Rosacea

The cause of rosacea is unknown, but researchers believe it’s some combination of hereditary and environmental factors.

A number of factors can aggravate rosacea or make it worse by increasing blood flow to the surface of your skin. Some of these factors include:

Hot foods or beverages

Spicy foods

Alcohol

Temperature extremes

Sunlight

Stress, anger or embarrassment

Strenuous exercise

Hot baths, saunas

Corticosteroids

Drugs that dilate blood vessels, including some blood pressure medications

One thing is certain — alcohol doesn’t cause rosacea. Although drinking alcohol can lead to flushing of the skin and may worsen rosacea, people who don’t drink alcohol can get rosacea.

Signs and symptoms of rosacea include:

Red areas on your face

Small, red bumps or pustules on your nose, cheeks, forehead and chin (but not the same as whiteheads or blackheads)

Red, bulbous nose (rhinophyma)

Visible small blood vessels on your nose and cheeks (telangiectasia)

Burning or gritty sensation in your eyes (ocular rosacea)

Tendency to flush or blush easily

Rosacea usually appears in phases:

         Pre-rosacea. Rosacea may begin as a simple tendency to flush or blush easily, and then progress to a persistent redness in the central portion of your face, particularly your nose. This redness results from the dilation of blood vessels close to your skin’s surface. This phase may sometimes be referred to as pre-rosacea.

         Vascular rosacea. As signs and symptoms worsen, vascular rosacea may develop — small blood vessels on your nose and cheeks swell and become visible (telangiectasia). Your skin may become overly sensitive. Vascular rosacea may also be accompanied by oily skin and dandruff.

         Inflammatory rosacea. Small, red bumps or pustules may appear and persist, spreading across your nose, cheeks, forehead and chin. This is sometimes known as inflammatory rosacea.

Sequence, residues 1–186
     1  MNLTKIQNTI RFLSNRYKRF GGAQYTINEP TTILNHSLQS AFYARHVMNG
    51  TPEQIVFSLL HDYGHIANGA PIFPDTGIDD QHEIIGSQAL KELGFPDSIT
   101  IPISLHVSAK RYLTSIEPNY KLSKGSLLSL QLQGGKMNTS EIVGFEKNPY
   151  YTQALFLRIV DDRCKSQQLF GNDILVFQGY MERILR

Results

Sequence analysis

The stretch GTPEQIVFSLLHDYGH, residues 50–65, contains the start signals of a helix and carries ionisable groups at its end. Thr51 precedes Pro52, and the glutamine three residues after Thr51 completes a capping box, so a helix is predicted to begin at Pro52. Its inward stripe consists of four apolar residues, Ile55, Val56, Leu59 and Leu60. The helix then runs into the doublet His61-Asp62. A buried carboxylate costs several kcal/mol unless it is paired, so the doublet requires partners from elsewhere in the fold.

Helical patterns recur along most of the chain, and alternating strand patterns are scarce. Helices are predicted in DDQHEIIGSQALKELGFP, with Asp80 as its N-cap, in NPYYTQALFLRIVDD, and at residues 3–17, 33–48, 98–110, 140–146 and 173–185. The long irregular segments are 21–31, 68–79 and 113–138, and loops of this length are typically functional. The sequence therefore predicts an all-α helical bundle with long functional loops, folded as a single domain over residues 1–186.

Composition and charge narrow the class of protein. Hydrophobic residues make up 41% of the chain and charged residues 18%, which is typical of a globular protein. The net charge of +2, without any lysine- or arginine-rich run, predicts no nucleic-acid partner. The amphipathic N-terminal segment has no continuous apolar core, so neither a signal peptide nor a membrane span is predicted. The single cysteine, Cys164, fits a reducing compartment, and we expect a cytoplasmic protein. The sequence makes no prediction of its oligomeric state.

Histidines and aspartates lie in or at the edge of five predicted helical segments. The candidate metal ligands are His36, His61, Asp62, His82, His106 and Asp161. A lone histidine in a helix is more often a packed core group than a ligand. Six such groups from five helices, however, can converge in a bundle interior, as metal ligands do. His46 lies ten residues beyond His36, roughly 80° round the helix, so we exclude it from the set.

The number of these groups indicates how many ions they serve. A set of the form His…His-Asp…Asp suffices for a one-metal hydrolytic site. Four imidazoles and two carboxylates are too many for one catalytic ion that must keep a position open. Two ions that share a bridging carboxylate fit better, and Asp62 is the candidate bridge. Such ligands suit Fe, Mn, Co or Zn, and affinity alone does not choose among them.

In addition, about 1 in 2 people with rosacea also experience ocular rosacea — a burning and gritty sensation in the eyes. Rosacea may cause the inner skin of the eyelids to become inflamed or appear scaly, a condition known as conjunctivitis.

Late in the course of rosacea, some people, mainly middle-aged men, may develop red, round, raised bumps (papules) and a bulbous nose, a condition known as rhinophyma.

When to see a doctor : 
Unfortunately, rosacea rarely clears up on its own, and it tends to worsen over time if left untreated. If you experience persistent redness of your face, see your doctor or a skin specialist  for a diagnosis and proper treatment.

Many over-the-counter skin care products contain ingredients — such as acids, alcohol and other irritants — that may worsen rosacea. Because of the progressive nature of rosacea, an early diagnosis is important. Treatments tend to be more effective when started earlier.

I have Rosacea myself and have it under control by carefully using Rhonda Allison products. Her professional skin care line was started when Rhonda herself had Rosacea and she developed topical products that controls her Rosacea. No anti-biotics are needed with the program.

To begin clearing your skin schedule an appointment with me and we can get your Rosacea under control also.